The pocket square dates back centuries, but its usage has lapsed somewhat in recent times. While used in previous centuries as perfumed squares of fancy cloth for noblemen to avoid the stench of the masses, these days they are the epitome of sharp and considered style for the suit-clad gentleman. Should you wear a pocket square with your bespoke suit? Hemingway Tailors investigates.
Having fallen out of fashion, anyone rocking a pocket square will likely come under some scrutiny and may even face accusations of vanity. However, we say that self-confidence is the most appealing quality in a sharp dresser.
The only other con of wearing a pocket square is potentially getting the style wrong. Go too formal in an informal situation and you’ll look overdone, while opting for too informal a look at a formal occasion will make you look sloppy instead of stylish. It’s a fine art.
A pocket square can lift a tailored bepoke suit, or give new life to an old outfit. The accessory is also incredibly versatile, boasting numerous colour options and fold techniques.
The unique touch of a pocket square shows personality and flair, even with the most muted tones and understated patterns. It demonstrates an element of creativity, and will often balance out the hard lines of a sharp suit with a slightly softer finish to make the wearer more approachable.
If you have invested in a bespoke handmade suit, a pocket square will really show off the finer details of a quality outfit, too. Picking out colours in the tweed or matching fabric types will enhance the suit’s appearance. Finishing off a handmade suit with a simple pocket square will not so much scream quality as quietly, persistently suggest it in a very gentlemanly way…
When should it be worn?
We suggest you are daring and wear a pocket square whenever you have donned a suit jacket or blazer with a breast pocket. However, most men will benefit from a pocket square at least with formal business suits, and of course at formal attire events. A day-to-day office suit would look sharp with pocket square flair, if you want people to sit up and take notice of your dedication to style.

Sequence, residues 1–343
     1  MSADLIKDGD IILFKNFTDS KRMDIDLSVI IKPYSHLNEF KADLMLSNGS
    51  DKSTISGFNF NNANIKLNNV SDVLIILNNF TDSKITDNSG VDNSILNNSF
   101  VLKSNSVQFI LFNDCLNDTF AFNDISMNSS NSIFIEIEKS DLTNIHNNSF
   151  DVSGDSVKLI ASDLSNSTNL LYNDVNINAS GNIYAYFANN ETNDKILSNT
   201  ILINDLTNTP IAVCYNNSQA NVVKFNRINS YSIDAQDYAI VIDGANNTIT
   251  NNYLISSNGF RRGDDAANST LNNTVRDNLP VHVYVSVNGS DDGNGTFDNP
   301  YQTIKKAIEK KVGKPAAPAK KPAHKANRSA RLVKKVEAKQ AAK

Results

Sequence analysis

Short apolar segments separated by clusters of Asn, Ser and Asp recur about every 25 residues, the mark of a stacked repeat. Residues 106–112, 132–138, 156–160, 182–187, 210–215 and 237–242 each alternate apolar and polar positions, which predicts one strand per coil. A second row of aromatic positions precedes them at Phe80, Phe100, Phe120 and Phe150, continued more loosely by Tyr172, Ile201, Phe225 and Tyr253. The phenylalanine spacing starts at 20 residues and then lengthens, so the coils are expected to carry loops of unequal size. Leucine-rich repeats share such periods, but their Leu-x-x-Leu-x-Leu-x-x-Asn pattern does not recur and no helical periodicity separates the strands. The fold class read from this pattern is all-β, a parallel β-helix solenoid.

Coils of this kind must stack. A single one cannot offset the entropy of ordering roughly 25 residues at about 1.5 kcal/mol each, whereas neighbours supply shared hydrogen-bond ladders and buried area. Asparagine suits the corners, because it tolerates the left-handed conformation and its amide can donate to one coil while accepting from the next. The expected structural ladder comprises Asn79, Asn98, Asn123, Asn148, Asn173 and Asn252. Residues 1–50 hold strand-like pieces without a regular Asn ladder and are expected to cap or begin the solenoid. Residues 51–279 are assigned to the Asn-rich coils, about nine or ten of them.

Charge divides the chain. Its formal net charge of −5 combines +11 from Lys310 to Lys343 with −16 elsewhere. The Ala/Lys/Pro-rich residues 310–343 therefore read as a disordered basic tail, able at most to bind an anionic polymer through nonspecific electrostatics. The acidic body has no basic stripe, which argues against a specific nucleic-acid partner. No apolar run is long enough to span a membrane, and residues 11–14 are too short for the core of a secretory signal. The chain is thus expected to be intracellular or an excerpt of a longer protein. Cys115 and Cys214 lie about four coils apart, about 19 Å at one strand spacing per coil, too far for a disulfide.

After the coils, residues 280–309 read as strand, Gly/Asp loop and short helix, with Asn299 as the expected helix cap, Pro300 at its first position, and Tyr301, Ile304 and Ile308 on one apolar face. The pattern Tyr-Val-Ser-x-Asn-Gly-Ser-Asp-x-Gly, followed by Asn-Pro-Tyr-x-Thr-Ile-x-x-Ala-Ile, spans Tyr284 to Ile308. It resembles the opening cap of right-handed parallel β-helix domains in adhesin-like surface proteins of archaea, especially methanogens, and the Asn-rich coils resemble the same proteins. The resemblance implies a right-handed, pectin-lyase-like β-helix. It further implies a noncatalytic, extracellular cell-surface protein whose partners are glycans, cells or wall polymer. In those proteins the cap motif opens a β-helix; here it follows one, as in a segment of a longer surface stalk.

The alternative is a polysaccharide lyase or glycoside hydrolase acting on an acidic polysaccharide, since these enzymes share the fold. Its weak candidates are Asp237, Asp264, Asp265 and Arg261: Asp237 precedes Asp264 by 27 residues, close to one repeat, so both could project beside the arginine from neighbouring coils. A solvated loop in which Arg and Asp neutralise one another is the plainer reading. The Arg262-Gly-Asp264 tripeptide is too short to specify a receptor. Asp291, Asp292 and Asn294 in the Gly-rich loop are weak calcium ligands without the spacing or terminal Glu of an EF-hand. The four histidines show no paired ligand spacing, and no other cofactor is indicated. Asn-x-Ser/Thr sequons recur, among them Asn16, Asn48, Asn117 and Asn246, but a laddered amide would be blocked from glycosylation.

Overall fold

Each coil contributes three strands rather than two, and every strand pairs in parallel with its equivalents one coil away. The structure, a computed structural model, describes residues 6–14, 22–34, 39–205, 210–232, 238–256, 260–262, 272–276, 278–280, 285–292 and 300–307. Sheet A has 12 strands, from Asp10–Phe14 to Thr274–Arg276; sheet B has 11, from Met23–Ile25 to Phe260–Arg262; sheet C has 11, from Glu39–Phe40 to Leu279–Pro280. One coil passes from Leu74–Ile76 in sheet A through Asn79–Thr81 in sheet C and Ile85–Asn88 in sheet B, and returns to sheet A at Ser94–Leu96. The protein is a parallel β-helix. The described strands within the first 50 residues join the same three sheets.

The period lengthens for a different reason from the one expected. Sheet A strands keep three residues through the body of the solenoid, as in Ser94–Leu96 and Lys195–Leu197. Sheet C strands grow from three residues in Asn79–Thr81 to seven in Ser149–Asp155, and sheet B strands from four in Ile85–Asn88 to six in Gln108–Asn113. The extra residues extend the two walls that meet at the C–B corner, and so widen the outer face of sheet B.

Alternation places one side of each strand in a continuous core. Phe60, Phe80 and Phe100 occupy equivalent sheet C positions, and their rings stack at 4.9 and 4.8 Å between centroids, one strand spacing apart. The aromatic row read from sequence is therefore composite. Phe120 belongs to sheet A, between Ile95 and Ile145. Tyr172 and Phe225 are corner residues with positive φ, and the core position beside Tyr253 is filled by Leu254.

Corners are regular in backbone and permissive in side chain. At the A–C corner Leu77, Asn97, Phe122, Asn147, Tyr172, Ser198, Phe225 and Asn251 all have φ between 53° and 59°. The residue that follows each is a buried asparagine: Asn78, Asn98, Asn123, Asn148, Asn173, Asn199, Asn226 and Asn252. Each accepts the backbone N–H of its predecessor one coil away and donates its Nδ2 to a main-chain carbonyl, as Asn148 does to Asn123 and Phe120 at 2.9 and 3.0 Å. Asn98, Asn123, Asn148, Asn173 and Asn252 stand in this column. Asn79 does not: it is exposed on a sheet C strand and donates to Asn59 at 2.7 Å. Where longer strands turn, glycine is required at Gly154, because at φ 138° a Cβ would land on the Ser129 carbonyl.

How should one be worn?
If you decide to wear a pocket square, there are a few simple rules to follow in order to get it right. Too flouncy and you may seem foppish, but too understated and you miss the creative benefit of wearing one in the first place.
- 1. Never match exactly to your tie
If there is one absolute golden rule for pocket squares, this is it. While it is possible to purchase matching tie and pocket square sets, these should be avoided. They limit your creative options, which negates the point of a pocket square in the first place.
2. Pick out a few colours to complement
Whether taking a key colour from your tie, matching to your shirt or finding a couple of interesting colours in the tweed blend of your suit, pick a few you would like to accent and match your pocket square to these. If done well, the square will highlight the key colours in your suit without being garish.
3. Match your fabrics to suit and season
Lighter fabrics such as linen are more suitable for summer outfits and sports blazers, while heavier wool pocket squares are better for the winter months and for formal suits.
4. Learn at least two folds
Folding a pocket square is not rocket science, but it can take a bit of practice for clean lines. There are three key styles that are easy to learn:
- The Hollywood: A flat line, simply fold your pocket square into quarters and keep the edge sharp, a few centimetres above the pocket line.
- The Point: Fold opposite corners to the centre, then bring the remaining two points together. Place in the pocket with the fold downwards in the pocket.
- The Puff: lay the square flat, pinch the centre and lift up. Take the dangling four corners and place into the pocket, arranging the puff as you wish.
Pocket squares are always stylish, but many modern men are afraid to try them out. With our guide above, hopefully you’ll have the confidence to try out a flash of fashion with your new handmade suit, too.